It can be hard getting siblings to get along. And this goes for more than just human children. Sometimes it can be just as hard to getting your dog and your child to get along.
Reward Your Dog for Ignoring “Annoying” Kid Behavior – It can be easy to always scold when altercations occur between kids and pets. But if your or a friend’s child is annoying your dog and they don’t react in a negative manner, make sure to reward them. Positive reinforcement for not snapping at children is never a bad idea.
Create Kid and Dog-Free Zones – When you have pets and children in the same area it can easily get out of control. Make sure to have an area set up where your dog can find peace and where children won’t be distracted by them. Children are usually well intentioned, but sometimes pets are just too much for them to ignore. They don’t mean to bother them, but they can’t help it.
Socialize and Train Your Dog – It’s important that all dogs that are interacting with people should be socialized and having some training. It can be very frustrating for a dog to navigate social situation if they lack the proper skills needed for interaction. This frustration often then turns to aggression, and that can easily turn into to harmful situations.
Get to Know the Dog’s Breed – Knowing the temperament of a breed can help in learning how to aid in interactions. Certain breeds have different instincts and that can make dealing with children more difficult for them. If they are an active breed, they may need more exercise to help them be less stressed and hyper. Or they may have trouble in general getting along because of anxieties or deep rooted jealousy towards anyone getting their owner’s attention. Research your dog’s breed and you’ll find some great tips in how to handle their interactions with children.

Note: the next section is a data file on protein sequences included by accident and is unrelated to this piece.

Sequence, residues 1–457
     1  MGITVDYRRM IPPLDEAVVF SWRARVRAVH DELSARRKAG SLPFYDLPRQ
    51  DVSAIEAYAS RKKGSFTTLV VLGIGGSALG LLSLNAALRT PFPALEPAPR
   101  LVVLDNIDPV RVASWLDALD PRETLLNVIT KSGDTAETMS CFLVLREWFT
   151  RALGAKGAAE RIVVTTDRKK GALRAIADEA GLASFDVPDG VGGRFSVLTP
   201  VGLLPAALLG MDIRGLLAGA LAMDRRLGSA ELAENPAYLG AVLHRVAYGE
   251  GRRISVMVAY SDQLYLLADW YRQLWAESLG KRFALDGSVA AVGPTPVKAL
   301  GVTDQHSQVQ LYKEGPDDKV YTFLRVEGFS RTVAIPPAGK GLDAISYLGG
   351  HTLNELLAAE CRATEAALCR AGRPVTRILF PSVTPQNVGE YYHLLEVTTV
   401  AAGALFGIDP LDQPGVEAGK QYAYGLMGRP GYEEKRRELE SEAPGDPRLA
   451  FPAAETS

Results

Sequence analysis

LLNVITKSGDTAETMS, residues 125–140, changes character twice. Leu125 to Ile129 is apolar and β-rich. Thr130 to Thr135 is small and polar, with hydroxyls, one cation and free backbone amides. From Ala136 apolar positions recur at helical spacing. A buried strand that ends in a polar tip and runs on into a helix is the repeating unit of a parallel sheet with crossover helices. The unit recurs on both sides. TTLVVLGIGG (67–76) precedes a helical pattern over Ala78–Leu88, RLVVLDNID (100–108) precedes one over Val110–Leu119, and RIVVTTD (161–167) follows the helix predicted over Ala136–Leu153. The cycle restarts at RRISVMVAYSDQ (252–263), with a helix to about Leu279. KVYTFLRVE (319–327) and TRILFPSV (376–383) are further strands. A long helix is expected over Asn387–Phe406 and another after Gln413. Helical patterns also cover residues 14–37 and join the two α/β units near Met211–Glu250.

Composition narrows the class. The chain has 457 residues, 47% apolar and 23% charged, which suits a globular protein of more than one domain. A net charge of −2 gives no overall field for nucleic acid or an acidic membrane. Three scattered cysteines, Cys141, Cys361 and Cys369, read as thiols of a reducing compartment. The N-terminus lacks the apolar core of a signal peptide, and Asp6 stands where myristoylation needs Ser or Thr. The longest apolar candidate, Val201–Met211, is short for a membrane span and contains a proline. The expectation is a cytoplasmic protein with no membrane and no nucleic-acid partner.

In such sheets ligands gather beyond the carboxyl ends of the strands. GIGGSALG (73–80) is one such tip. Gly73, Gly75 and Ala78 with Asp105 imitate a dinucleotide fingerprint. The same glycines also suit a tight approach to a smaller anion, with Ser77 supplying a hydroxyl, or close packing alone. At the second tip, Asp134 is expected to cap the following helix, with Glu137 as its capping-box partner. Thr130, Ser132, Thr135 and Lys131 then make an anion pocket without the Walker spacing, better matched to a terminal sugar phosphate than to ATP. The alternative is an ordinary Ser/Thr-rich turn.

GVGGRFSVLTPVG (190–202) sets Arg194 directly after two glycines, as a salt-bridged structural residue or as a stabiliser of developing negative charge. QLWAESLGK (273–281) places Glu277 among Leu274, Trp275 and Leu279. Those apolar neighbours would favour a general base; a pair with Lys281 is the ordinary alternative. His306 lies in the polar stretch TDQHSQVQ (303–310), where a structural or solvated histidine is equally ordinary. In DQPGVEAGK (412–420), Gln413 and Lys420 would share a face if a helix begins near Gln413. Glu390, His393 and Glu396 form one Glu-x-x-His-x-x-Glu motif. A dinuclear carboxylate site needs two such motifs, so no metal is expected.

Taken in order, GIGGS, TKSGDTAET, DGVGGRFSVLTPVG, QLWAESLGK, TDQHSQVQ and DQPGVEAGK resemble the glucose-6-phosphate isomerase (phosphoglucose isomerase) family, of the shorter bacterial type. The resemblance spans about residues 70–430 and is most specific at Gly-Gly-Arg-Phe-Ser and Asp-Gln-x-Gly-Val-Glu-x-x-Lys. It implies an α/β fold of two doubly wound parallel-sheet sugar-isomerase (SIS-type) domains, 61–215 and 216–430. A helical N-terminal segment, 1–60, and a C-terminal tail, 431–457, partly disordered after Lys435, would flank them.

Teach Kids to Ignore Non-Family and Stray Dogs – Kids need to learn early that not all dogs are friendly. Just because you have a dog at home, doesn’t mean that every dog you see is going to be friendly. Whether at the park, on the street or even in the homes we visit, our children need to know proper boundaries with pets.
Get your Dog Spayed or Neutered – Most dog attacks come from intact males. Get your dog spayed as soon as possible. The ASPCA offers a database of free or low-cost spay/neuter options around the country. Not only does it help aggression, it also helps keep the shelter population down as well.
Hopefully with some research and consistency, your dog and child will end up getting along. And maybe one day they’ll even become best friends. Sadly, this doesn’t always happen. If you’re continuing having trouble, contact your vet. They may have some last ditch ideas that could help in your specific situation. Just remember consistency is almost always key for both pets and children.
Have you had trouble with your dog and child getting along? We’d love to hear your stories about what happened and how you dealt with the situation in the comments below!